As John Wiehoff looks out the windows of his spacious corner office in Eden Prairie, he sees expansive views overlooking the Minnesota River, Highway 169, and County Road 101—three ground-level transportation arteries. That’s not to mention the sky above his company’s corporate headquarters, where transport planes fly in and out of MSP International.
As chairman and CEO of C. H. Robinson Worldwide, one of the world’s largest third-party providers of transportation, distribution, and other logistics services (it also provides produce sourcing, the company’s original business), Wiehoff doesn’t get to spend much time in his office. Half the time, he’s on the road, staying in touch with mega- customers like Wal-Mart and Anheuser-Busch. Business has also picked up for Wiehoff and C. H. Robinson, not only in revenue and customer growth, but also in terms of the company’s reach.
“Globalization and technology are driving growth and innovation in the supply chain management industry,” Wiehoff says. “At the same time, service level expectations are always increasing. As an example, just 10 years ago, the definition of on-time delivery for many companies was that the freight arrived at the receiving dock some time on the required day. Today, for many of our customers, on-time delivery means delivery within a 10-minute window.”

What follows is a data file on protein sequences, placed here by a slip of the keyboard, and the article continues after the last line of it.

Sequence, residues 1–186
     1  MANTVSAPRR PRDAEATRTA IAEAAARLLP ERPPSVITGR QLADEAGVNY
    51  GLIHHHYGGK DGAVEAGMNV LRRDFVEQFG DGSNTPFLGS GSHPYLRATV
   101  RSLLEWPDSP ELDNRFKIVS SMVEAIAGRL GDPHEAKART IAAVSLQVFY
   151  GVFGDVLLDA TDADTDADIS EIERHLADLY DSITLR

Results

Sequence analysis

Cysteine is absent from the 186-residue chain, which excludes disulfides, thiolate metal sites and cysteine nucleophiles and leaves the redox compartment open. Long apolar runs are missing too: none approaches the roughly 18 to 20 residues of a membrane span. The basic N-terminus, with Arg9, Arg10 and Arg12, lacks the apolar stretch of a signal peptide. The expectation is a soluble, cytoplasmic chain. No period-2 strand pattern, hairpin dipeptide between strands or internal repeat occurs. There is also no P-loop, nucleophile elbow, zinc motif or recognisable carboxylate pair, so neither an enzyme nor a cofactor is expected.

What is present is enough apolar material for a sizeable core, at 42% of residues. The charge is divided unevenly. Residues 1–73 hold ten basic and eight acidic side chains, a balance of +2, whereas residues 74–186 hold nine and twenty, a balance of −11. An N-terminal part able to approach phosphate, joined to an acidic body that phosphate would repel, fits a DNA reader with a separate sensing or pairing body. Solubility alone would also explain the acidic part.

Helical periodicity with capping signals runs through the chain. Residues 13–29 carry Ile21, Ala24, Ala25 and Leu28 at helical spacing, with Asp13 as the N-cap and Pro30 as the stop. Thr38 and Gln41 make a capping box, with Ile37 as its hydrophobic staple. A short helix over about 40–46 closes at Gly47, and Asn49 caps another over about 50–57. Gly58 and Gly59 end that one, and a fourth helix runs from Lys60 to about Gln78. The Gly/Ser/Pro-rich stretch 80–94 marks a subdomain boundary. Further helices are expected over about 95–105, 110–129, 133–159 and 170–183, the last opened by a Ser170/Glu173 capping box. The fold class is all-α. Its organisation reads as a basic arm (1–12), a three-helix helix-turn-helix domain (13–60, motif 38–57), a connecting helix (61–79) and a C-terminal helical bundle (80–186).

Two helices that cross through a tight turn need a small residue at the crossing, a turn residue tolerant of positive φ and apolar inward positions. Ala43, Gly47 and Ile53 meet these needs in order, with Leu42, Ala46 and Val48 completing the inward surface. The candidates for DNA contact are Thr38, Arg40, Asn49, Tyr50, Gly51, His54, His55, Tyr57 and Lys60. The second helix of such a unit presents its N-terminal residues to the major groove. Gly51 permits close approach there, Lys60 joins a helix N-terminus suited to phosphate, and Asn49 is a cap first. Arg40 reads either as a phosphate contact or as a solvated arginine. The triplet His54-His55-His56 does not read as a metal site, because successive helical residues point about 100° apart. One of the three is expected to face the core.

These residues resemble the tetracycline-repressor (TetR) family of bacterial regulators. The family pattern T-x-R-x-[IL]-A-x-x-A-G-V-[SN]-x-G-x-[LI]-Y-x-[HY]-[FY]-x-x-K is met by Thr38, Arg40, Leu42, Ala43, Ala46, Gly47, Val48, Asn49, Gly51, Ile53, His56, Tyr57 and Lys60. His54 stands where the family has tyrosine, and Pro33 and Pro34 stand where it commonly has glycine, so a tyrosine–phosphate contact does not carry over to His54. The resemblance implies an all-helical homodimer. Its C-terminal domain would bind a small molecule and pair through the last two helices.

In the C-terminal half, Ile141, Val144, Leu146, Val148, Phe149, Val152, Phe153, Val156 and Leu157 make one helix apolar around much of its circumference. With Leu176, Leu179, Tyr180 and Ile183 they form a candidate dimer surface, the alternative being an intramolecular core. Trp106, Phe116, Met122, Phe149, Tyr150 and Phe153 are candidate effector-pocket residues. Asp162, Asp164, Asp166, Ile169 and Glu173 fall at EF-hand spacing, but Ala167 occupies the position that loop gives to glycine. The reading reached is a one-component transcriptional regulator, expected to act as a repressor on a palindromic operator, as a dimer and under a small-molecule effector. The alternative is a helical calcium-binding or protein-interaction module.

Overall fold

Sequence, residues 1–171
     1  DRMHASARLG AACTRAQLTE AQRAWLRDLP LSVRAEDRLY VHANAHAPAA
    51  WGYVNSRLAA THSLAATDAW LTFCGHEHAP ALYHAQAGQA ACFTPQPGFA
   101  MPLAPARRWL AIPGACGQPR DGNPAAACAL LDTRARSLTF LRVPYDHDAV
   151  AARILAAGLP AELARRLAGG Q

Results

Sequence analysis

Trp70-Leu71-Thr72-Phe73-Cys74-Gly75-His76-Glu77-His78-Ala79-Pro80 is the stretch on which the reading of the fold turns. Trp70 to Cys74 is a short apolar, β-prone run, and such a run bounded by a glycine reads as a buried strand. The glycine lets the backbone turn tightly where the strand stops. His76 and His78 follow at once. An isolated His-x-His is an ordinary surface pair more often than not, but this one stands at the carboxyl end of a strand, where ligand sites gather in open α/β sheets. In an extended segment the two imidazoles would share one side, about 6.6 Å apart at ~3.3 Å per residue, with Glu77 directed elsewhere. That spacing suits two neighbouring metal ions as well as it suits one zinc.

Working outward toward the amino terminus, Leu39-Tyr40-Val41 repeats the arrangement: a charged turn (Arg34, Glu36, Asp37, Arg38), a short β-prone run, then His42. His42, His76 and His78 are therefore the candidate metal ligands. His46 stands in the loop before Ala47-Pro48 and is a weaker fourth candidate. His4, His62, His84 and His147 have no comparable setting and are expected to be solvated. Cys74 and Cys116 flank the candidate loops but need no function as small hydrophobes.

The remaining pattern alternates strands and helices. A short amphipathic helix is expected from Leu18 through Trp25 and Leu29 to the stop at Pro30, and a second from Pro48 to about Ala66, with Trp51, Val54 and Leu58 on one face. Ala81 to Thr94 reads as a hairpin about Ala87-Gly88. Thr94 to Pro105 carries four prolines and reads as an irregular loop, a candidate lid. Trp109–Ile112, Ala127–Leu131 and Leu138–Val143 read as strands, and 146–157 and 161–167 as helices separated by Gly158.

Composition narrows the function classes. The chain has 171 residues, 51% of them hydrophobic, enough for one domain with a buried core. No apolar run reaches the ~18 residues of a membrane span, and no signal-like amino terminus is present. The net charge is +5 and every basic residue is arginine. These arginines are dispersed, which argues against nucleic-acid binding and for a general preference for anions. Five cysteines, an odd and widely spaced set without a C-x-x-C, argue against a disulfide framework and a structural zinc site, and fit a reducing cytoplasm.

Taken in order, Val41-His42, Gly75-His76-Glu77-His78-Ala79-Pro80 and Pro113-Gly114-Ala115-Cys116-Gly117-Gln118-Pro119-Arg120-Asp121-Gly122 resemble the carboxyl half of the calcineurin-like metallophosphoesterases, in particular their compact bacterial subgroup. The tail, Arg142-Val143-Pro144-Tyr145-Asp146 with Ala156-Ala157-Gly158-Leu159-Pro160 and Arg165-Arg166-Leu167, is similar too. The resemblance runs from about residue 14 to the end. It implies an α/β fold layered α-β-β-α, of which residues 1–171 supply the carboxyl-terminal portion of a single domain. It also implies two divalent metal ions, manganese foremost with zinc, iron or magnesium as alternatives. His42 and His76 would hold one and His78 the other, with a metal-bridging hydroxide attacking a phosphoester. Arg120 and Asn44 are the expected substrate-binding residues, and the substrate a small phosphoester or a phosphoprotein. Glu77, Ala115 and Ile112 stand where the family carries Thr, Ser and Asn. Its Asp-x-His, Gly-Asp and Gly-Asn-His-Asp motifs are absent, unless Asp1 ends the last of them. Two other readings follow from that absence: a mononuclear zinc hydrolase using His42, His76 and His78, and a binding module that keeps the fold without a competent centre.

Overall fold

To those unfamiliar with freight transport, C. H. Robinson’s third-party model may seem a little curious. It doesn’t actually move the products. It has no vehicles of its own. Instead, it coordinates and tracks shipments between its clients and its clients’ customers. It’s a specialist, and so are the carriers it contracts with. Companies like C. H. Robinson exist because of all of the interfaces and interrelationships between ocean, air, and truck freight. Every ocean shipment has a domestic leg on each side of it that necessitates truckload service. This requires C. H. Robinson to know all the regulations and legalities of the different transportation modes across continents and national borders. Freed from managing this complexity, customers save time and money.
“Companies are putting plants around the world to try to take advantage of lower-cost labor,” Wiehoff notes. “Or they are consolidating into bigger plants and producing in fewer locations and shipping greater distances. So supply chains in general have become more spread out, more complicated, and we are all using technology to try to improve the process, speed it up, and make it more efficient.”